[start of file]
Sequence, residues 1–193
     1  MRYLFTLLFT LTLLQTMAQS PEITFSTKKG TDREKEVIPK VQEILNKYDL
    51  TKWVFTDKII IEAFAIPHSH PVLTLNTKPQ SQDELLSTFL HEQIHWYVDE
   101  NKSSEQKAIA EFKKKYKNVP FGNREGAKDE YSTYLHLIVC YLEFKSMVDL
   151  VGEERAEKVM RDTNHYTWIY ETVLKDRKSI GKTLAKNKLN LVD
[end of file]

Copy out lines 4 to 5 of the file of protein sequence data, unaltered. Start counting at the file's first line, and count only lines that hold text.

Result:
   101  NKSSEQKAIA EFKKKYKNVP FGNREGAKDE YSTYLHLIVC YLEFKSMVDL
   151  VGEERAEKVM RDTNHYTWIY ETVLKDRKSI GKTLAKNKLN LVD